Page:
Frequency Of Light


The frequency of light refers to the relation $$\lambda\nu = c$$ where $\lambda$ is the wavelength, $c$ the speed of light and $\nu$ the frequency of the light (also sometimes denoted by $f$). Note that this seems to suggest that light consists of waves. However, this is misleading at best. Light also exhibits particle-like behaviour. The photo-electric effect is a typical example, since it was this experiment that led Einstein to postulate the existence of photons, "light-particles" if you will.$^1$

More in detail, when light shines on the surface of some metals, emission of electrons is observed - the electrons get "knocked out of the metal surface" so to speak. This is known as the photo-electric effect. Before Einstein's explanation in terms of photons it was considered paradoxical that this emission of electrons did not depend on the amplitude of the incident light, rather it depended on its frequency. Einstein clarified this problem by assuming the existence of photons, individual entities (quanta) with particle-like attributes, specifically with their energy given by

$$E = h\nu,$$

where $h$ is Planck's constant. This relation is exactly what Einstein used to resolve the paradox: only a photon with a sufficiently high frequency $\nu$ has enough energy $E$ to knock an electron out of the material it is incident on.

As for your second question, why $c$ is the maximum speed and if there is a relation between this and the frequency of light, this answer could be a place to start. Indeed, $c$ is called the speed of light and light in a vacuum always travels at speed $c$, but this is not a unique property of light: all massless particles must travel at speed $c$. It just so happens that we discovered this in light first, which is why $c$ is commonly called the speed of light. The group velocity of a single-frequency wave is $v_g=\lambda\nu$ and $v_g=c$ for light waves in a vacuum. As to why nothing can travel faster than $c$, this is actually a postulate of special relativity and as such we don't have a theoretical justification but we do have loads of strong experimental evidence in the form of results that match the predictions of special (and general) relativity exceptionally well. Some reading material: If I run along the aisle of a bus traveling at (almost) the speed of light, can I travel faster than the speed of light? and Why does the (relativistic) mass of an object increase when its speed approaches that of light?.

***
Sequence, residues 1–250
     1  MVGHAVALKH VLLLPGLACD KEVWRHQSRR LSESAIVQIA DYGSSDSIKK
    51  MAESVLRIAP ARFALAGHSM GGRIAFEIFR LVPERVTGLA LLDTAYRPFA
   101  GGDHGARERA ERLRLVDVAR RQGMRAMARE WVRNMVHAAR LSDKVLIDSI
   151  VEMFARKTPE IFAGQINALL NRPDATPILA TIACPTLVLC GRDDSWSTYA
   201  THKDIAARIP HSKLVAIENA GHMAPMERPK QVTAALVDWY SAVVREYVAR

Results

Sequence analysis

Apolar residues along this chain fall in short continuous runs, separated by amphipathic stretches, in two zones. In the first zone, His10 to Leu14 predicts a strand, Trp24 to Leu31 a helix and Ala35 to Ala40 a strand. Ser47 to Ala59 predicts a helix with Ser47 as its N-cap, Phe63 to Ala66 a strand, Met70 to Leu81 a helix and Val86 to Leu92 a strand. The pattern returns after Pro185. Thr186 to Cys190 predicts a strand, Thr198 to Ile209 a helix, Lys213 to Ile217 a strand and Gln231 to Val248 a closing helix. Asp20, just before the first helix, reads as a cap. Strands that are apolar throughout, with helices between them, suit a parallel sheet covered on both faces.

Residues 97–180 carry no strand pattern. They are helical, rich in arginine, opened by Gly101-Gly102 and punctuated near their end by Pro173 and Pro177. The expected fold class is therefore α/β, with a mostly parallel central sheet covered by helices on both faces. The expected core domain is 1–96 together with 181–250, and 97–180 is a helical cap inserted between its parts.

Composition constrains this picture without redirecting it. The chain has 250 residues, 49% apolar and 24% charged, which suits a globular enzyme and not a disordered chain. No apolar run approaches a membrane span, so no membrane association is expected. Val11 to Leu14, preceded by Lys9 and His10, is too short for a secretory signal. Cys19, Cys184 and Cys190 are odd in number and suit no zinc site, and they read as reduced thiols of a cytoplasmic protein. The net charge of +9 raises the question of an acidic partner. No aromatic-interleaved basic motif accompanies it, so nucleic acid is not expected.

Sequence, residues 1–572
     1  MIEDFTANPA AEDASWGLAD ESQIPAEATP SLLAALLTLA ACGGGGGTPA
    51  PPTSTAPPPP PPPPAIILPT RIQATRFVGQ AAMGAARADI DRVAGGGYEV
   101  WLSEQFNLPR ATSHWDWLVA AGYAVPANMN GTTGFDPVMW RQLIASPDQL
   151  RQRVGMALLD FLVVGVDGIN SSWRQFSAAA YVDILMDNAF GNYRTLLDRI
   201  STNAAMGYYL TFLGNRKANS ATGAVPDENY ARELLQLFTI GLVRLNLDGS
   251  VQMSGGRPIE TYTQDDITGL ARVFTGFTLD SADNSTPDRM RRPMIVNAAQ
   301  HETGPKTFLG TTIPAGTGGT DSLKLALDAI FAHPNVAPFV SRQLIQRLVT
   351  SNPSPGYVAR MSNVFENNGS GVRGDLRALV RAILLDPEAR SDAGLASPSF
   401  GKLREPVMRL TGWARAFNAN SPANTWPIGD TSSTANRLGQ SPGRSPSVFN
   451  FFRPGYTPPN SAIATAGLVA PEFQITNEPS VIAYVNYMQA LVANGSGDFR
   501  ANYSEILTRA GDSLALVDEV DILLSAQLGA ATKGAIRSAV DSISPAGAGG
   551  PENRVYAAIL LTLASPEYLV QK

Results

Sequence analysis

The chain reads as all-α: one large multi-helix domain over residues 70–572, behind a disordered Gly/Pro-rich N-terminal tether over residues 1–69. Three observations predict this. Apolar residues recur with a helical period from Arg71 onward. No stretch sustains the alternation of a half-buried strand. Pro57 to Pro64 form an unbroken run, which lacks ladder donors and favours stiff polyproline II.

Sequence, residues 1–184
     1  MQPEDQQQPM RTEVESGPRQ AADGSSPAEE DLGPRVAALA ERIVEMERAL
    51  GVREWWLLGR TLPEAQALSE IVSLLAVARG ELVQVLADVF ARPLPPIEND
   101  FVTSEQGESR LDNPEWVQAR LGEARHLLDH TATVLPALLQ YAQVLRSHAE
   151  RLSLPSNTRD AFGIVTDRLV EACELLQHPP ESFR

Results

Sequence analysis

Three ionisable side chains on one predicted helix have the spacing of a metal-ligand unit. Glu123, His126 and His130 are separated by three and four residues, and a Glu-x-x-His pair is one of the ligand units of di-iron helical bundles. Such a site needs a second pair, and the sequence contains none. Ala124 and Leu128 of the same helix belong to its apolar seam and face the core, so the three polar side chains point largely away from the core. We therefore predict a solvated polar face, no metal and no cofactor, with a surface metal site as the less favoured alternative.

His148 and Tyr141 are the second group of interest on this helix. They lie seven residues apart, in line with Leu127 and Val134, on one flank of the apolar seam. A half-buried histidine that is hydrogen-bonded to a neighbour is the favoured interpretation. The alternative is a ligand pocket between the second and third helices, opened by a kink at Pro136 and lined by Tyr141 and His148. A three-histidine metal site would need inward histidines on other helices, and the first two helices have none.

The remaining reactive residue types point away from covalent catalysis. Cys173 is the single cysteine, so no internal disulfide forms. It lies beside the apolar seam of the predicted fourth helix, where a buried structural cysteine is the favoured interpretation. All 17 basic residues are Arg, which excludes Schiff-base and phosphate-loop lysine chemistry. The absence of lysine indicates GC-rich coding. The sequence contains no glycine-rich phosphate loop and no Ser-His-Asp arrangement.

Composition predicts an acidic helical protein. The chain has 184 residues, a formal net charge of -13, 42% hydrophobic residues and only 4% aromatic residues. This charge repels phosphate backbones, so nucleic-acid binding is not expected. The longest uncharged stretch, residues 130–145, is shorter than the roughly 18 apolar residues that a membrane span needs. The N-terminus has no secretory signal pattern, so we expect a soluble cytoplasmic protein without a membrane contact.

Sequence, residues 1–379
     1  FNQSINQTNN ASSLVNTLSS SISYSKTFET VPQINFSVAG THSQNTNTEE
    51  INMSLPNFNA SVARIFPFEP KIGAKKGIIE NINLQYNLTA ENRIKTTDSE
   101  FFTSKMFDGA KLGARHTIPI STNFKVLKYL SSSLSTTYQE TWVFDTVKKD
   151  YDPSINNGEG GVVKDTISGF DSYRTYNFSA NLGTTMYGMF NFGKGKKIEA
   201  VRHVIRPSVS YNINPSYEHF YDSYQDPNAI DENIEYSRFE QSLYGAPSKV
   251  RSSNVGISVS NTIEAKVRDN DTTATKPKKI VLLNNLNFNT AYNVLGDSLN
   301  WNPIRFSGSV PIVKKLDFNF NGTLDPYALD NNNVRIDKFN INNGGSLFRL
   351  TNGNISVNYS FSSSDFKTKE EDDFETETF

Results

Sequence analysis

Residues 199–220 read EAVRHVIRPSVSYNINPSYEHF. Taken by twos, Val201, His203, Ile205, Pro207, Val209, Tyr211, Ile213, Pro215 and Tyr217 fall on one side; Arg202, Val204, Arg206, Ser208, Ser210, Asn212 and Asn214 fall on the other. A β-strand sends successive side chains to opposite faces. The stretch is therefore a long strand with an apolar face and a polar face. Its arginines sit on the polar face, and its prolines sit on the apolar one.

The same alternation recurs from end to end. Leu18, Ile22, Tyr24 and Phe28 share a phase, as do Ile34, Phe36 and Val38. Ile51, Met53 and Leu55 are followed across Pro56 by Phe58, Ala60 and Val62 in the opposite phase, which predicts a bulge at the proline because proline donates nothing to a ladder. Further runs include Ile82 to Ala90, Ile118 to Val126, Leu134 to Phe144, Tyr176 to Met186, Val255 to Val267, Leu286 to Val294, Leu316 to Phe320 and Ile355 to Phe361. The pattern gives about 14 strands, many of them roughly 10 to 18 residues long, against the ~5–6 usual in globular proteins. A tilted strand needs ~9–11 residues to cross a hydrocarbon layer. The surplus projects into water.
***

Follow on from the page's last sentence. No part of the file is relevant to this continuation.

$^1$ Although you hear people call them that, it's misleading to speak of particles because it suggests light consists of particles. A more careful term to use is quanta, and the physical nature of these quanta appears to be some blend of particle-like characteristics and wave-like properties.


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Updated on December 04, 2020


  • devWaleed
    devWaleed almost 3 years

    I am confused on few topics...

    What is meant by "Frequency of Light"? Does the Photon(s) vibrate, that is known as its frequency? If the Photons vibrate, then they have a specific frequency, then What is meant by "Higher frequency light" as used in Photo-electric Effect? In which directions/axis do they vibrate to have a specific frequency. Why is it that nothing can go faster than the Speed of light. Does these two things have any relation to each other?


    • DJBunk
      DJBunk over 10 years
      You might want to divide this up into 2 questions, 1 for photons and frequency, and another for wave particle duality.
    • joshphysics
      joshphysics over 10 years
      possible duplicate:
    • Solomon Slow
      Solomon Slow almost 8 years
      What is meant by the frequency of a radio wave? As far as anybody knows, light and radio waves are the same phenomenon.
    • John Duffield
      John Duffield almost 8 years
      I'm voting to close this question as off-topic because it shows no research effort.
  • Danu
    Danu about 9 years
    Could you please elaborate a little? This answer is very short, and not easy to understand (at least not for me).
  • Kyle Kanos
    Kyle Kanos almost 8 years
    How does this answer the question?